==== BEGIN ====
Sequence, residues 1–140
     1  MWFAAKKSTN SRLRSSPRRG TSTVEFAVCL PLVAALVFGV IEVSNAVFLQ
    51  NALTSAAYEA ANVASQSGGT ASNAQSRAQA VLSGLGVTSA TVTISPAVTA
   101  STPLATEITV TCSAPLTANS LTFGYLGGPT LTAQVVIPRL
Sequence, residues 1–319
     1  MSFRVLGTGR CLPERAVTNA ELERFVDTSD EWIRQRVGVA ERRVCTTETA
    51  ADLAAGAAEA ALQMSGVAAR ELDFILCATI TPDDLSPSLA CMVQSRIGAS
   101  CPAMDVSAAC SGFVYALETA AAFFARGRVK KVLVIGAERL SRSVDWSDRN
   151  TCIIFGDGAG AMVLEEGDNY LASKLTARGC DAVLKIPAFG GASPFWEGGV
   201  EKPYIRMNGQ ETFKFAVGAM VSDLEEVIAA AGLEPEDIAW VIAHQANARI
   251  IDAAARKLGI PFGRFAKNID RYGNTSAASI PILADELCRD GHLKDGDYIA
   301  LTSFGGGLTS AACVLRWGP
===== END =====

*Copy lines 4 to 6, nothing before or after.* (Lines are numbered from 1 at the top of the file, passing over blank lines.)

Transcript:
   101  STPLATEITV TCSAPLTANS LTFGYLGGPT LTAQVVIPRL
Sequence, residues 1–319
     1  MSFRVLGTGR CLPERAVTNA ELERFVDTSD EWIRQRVGVA ERRVCTTETA